Author(s): Nicholas Foulkes
It is said that asphyxiation brings on a state of hallucinatory intoxication...in which case the 71 year old artist who lay in his sprawling Provencal villa died happy. In the early afternoon of Monday 4 October 1999, wracked with Parkinson's, and unable to paint because of a fall in which he had broken his wrist, Bernard Buffet calmly placed a plastic bag over his head, taped it tight around his neck and patiently waited the few minutes it took for death to arrive. Bernard Buffet: The Invention of the Modern Mega-artist tells the remarkable story of a French figurative painter who tasted unprecedented critical and commercial success at an age when his contemporaries were still at art school. Then, with almost equal suddenness the fruits of fame turned sour and he found himself an outcast. Scarred with the contagion of immense commercial success no leper was more untouchable. He was the first artist of the television age and the jet age and his role in creating the idea of a post-war France is not to be underestimated. As the first of the so-called Fabulous Five (Francoise Sagan, Roger Vadim, Brigitte Bardot and Yves Saint Laurent) he was a leader of the cultural revolution that seemed to forge a new France from the shattered remains of a discredited and demoralized country. Rich in incident Buffet's remarkable story of bisexual love affairs, betrayal, vendettas lasting half a century, shattered reputations, alcoholism, and drug abuse, is played out against the backdrop of the beau monde of the 1950s and 1960s in locations as diverse as St Tropez, Japan, Paris, Dallas, St Petersburg and New York, before coming to its miserable conclusion alone in his studio.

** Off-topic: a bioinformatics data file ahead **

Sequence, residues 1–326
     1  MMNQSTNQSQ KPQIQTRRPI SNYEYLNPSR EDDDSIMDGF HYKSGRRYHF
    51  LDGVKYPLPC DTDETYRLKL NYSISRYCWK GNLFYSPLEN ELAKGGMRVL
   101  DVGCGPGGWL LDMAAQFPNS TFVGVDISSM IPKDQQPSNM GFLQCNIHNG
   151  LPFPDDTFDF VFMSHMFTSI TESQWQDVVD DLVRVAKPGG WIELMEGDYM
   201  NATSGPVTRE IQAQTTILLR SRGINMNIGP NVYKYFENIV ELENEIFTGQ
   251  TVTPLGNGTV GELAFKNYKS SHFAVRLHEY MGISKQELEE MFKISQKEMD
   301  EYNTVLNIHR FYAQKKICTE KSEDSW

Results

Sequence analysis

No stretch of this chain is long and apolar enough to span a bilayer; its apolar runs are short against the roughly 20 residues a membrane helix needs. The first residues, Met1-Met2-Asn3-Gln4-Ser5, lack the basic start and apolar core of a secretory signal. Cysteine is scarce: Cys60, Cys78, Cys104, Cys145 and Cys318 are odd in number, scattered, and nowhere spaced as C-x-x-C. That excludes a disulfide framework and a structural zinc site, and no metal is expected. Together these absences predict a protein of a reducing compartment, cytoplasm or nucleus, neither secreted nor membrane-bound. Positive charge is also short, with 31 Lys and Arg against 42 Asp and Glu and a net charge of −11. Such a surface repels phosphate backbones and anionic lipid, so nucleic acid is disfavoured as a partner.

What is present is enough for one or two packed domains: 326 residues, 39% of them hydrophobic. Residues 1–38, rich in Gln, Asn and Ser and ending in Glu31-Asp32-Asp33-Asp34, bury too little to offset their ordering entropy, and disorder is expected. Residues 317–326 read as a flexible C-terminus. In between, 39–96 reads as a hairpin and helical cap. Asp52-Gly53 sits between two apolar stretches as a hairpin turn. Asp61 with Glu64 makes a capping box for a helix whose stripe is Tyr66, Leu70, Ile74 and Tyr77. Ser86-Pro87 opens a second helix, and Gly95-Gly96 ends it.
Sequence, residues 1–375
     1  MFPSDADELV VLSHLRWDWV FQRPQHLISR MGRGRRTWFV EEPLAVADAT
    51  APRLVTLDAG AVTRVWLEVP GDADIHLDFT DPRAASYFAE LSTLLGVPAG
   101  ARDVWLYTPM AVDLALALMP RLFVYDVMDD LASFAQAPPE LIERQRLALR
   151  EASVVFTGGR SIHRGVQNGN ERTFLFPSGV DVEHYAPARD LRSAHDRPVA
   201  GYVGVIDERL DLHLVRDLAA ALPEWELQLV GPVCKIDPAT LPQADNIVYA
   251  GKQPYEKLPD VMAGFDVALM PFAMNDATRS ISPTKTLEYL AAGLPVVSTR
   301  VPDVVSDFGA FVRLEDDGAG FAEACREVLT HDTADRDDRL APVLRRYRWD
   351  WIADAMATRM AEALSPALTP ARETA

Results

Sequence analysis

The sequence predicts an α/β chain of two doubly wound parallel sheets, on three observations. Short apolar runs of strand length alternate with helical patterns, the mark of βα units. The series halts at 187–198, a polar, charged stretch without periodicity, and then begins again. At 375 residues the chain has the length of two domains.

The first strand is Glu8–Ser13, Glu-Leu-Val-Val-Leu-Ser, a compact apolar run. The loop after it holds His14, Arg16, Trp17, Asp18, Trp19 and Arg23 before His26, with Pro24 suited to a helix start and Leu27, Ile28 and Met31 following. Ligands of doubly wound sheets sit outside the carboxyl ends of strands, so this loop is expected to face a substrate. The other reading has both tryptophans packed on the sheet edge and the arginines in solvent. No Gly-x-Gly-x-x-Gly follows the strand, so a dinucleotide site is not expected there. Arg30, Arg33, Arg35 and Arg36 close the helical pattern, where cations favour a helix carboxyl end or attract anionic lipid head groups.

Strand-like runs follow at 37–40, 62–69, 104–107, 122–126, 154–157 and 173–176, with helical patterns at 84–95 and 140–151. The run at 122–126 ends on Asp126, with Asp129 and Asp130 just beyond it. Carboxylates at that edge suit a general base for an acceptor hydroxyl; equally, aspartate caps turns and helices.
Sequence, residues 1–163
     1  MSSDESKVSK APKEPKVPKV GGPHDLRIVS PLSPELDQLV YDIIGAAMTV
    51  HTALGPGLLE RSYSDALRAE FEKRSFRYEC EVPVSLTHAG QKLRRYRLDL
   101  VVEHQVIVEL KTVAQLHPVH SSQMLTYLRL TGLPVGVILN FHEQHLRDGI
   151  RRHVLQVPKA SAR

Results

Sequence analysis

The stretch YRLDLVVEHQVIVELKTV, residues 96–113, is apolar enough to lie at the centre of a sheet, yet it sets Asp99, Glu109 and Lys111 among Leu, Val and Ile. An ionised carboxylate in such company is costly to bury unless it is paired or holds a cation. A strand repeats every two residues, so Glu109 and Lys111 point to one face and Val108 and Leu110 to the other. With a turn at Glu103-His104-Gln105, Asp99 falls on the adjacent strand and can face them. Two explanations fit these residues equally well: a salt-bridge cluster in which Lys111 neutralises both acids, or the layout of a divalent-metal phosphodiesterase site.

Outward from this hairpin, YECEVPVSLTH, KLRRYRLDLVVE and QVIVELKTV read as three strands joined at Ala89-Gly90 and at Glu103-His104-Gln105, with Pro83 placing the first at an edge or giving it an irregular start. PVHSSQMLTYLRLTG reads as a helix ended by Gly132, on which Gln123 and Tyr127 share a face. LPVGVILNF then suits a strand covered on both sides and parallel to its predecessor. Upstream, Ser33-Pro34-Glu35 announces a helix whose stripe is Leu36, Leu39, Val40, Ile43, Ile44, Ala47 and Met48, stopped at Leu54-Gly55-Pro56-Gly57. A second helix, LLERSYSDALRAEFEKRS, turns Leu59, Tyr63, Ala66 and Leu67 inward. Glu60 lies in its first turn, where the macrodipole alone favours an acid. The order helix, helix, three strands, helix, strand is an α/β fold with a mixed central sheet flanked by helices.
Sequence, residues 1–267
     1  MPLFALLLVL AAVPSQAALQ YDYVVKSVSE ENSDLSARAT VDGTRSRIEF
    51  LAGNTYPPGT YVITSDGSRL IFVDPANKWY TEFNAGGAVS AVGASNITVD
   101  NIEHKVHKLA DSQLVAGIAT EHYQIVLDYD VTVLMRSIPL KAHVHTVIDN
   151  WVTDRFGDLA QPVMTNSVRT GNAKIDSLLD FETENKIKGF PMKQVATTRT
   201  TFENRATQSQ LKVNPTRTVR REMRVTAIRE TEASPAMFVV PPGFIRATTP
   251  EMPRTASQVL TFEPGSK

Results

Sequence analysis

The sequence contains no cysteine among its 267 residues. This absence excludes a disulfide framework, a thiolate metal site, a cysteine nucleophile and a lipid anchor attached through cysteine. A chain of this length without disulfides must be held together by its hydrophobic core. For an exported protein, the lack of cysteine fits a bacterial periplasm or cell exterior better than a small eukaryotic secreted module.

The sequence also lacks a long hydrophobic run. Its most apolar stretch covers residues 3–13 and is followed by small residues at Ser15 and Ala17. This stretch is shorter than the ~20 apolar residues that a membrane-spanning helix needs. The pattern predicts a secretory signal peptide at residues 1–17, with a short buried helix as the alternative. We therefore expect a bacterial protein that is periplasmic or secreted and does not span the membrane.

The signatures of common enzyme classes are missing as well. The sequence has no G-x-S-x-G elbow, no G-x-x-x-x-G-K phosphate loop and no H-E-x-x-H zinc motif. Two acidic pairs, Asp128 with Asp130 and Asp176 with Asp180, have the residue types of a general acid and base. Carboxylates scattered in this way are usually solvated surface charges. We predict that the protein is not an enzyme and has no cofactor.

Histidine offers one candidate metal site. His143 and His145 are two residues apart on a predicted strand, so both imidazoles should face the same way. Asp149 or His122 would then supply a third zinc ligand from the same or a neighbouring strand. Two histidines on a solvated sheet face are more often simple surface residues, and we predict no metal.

Told for the first time, the extraordinary story of French artist Bernard Buffet. In the 1950s he was more famous than Picasso, more glamorous than Roger Vadim, and more celebrated than Brigitte Bardot. But then the art dealers who made him, destroyed him.
Formerly Associate Editor of the Evening Standard's ES magazine, Nicholas Foulkes writes regularly for the Financial Times, Country Life and the Mail on Sunday's 'Night and Day'.